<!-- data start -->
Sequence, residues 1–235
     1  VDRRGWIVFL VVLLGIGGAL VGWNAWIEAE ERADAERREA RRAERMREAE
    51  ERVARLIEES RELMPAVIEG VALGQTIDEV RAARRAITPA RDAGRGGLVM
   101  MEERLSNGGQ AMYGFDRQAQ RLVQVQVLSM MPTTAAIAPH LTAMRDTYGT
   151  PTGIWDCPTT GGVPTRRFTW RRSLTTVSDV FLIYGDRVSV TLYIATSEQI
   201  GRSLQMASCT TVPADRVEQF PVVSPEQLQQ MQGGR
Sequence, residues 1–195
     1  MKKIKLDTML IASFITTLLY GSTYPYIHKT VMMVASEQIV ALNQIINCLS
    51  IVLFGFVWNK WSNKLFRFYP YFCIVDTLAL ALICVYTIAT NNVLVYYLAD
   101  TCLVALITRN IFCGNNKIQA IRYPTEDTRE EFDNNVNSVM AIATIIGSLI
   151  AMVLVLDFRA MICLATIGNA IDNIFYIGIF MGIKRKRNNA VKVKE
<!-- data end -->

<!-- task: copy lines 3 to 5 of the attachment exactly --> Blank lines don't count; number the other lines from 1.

    51  ERVARLIEES RELMPAVIEG VALGQTIDEV RAARRAITPA RDAGRGGLVM
   101  MEERLSNGGQ AMYGFDRQAQ RLVQVQVLSM MPTTAAIAPH LTAMRDTYGT
   151  PTGIWDCPTT GGVPTRRFTW RRSLTTVSDV FLIYGDRVSV TLYIATSEQI